A wander down the River Coquet at Warkworth on one of the last days of March we caught up with and enjoyed a singing Chiff Chaff, this one was easy to watch in the leafless branches.

Goldcrest also singing but difficult to photograph

A week or so later, first Sunday or April I didn't make it out first thing but met up with Stewart at Howick and decided to check out part of his patch for a change, Craster. 
Late in the morning so kicking about a bit, feeling like we were just having an hour or so, we parked up and wandered down to the harbour, it was a nice enough morning.

Just as we rounded the nearest moored up fishing boat Stewart shouted a Black Redstart, fabulous..

Its the time of year for these birds to turn up but they aren't common and always nice to see. I went mad a bit with photographs.



Other species were feeding in the small harbour area. Robin, Pied Wagtail, Wren, Jackdaw, Rook, Turnstone and Purple Sandpiper.

Loved this Rook, drinking fresh water from a clifftop puddle


Purple Sandpiper
Anyway, back on my patch, I've just had my first Wheatear,,, 

Monday, 21 March 2016

Lap Laps

Back on the patch this morning after what seems like ages away, Old Water and down to the north side of the estuary first, all very quiet but really nice and spring like, Skylarks, Meadow Pipits and Stonechat pairs all confirming its late March already.

A good stroll and back to the car for tea. We then decided to take a look at the field on the coastal edge of Birling to see if the Arctic Redpoll was still present, this field is now absolutely full of birds, Good numbers of Reed Bunting, Yellowhammer, Tree Sparrow, Skylark, Linnet and Redpoll. No sign of the Arctic though, little winter star has obviously left us.
There were four or so Brown Hare, Gray Partridge and Pheasant.

Anyway, never mind all of that, half way up the field, heading north on our first transect we, at first, got our eye on and then heard the distinctive call that put us on Lapland Bunting alert.
What followed was what seemed like dozens of laps and wanderings through this field, legs getting heavier with each chase. Heading to where the bird seemed to go down, having brief views on the ground then following the bird in flight to the next secluded tuft, stalk or bare patch only for it to flush meters away from where we were certain it would be.. a frustrating and challenging exercise.
The bird did land on a bramble hedgerow for a while allowing the photographs I'm posting here to be taken.. dark ear spot, rusty nape, two or three dark secondary coverts and nice rusty wing patch, a large, 'long' bird in flight with a distinctive look and feel, easy to pick out..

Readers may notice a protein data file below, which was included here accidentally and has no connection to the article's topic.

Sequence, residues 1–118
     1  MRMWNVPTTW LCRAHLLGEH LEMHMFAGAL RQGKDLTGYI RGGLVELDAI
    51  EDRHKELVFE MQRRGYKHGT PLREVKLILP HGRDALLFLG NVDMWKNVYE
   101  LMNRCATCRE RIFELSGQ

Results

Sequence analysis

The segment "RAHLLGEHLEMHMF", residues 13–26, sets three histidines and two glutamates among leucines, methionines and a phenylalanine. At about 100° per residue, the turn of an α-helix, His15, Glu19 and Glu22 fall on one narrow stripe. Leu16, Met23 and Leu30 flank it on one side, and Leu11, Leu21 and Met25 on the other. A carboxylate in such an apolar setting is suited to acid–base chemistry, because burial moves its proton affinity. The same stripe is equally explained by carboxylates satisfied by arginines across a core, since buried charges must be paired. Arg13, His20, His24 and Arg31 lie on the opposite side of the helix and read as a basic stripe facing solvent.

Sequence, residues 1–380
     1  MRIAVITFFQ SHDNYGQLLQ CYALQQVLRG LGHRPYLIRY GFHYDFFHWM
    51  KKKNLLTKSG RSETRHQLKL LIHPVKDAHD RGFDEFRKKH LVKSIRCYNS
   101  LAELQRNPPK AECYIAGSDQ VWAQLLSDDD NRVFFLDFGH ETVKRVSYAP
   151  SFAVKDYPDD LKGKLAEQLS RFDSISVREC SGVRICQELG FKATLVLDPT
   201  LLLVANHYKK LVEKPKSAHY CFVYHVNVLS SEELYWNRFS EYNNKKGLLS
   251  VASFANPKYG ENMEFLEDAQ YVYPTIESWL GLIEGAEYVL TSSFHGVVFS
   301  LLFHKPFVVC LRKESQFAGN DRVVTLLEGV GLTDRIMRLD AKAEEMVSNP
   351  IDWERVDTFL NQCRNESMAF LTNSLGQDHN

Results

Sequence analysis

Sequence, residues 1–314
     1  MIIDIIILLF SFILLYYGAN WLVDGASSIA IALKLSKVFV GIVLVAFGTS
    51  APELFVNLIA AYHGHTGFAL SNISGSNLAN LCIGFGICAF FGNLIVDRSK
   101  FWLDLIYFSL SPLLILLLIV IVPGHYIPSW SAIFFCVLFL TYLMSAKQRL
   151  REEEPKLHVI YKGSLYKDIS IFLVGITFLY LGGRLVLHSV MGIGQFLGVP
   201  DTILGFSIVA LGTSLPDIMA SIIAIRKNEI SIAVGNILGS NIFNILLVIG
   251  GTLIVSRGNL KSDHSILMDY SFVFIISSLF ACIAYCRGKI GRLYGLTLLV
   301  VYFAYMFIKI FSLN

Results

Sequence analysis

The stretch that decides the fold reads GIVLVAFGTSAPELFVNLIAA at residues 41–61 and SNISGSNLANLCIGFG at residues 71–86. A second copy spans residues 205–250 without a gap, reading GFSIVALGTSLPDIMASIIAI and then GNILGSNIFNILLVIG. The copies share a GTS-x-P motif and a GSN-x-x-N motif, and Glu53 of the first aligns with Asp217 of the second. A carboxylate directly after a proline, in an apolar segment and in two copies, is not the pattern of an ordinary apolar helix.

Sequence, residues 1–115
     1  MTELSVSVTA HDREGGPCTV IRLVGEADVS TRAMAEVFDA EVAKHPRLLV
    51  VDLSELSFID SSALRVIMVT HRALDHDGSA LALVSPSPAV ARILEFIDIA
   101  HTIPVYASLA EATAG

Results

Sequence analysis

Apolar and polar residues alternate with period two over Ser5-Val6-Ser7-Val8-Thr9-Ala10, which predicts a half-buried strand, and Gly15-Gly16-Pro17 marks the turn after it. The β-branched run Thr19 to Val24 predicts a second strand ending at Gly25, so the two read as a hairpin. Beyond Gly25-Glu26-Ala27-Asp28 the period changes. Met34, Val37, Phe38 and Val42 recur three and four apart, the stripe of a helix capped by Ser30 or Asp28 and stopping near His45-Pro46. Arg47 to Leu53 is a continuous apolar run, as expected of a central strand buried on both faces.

I have never really had very good views of Lapland Bunting, still haven't really but nice to find one and observe it in flight, calling and sat up a bit..  absolutely whacked and ready for more tea when we got back to the car.

Thursday, 25 February 2016

Black Redstart

Black Redstart at Seahouses Harbour. Seemed quite settled feeding around the warmed sunlit harbour walls and among all the boat men that were busy with winter maintenance work.

Monday, 22 February 2016

Abbey Tip Off

Met up with Stewart at Coquet Estuary, Braid Car Park, we had decided to check out an area not really known to me but which had, last week, an interesting flock of Redpoll courtesy of our good friend Nigel. So after quickly checking the Gulls in Amble Harbour off we headed.. south..

Widdrington Tip, former landfill site flanked by a former industrial site, doesn't sound good but these areas can be some of the best in our countryside. Its no 'nature reserve' as we'd more comfortably expect but a small area where wildlife can thrive.

Superb habitat, Birch, Alder, reeds, small ponds and ditches. I tried to take some photographs to show the habitat.

We did catch up with the Redpoll flock, or part of it anyway, or actually, some Redpolls. Mostly Lesser Redpolls with at least a couple of Mealy Redpoll present, really nice birds to watch, very active, sometimes sat up in low bushes and sometimes disappearing to ground either feeding or drinking. We also saw Woodcock, Snipe and Long Tailed Tit flocks moving around the area.

Track of the day; fringing the good habitat on one side and our green and pleasant and lifeless habitat on the other
Looking in from the Widdrington Village road

Track in from the north end
Spot the Peregrine, winner gets a slice of cake
Off we headed back north, checking out various other ponds on reclaimed open cast areas, good birds to be had. Our last stop was Druridge Bay Country Park, photographing the male Goosander, not that successfully as it happens.

and a Mute..
It really lifted my spirits this visit to Widdrington Tip, yes we may have to share these habitats and areas with air gun enthusiasts and countryside users that may not quite be on the same side of the barbed wire fence as we are but do you know, I think the wildlife is safer and better off..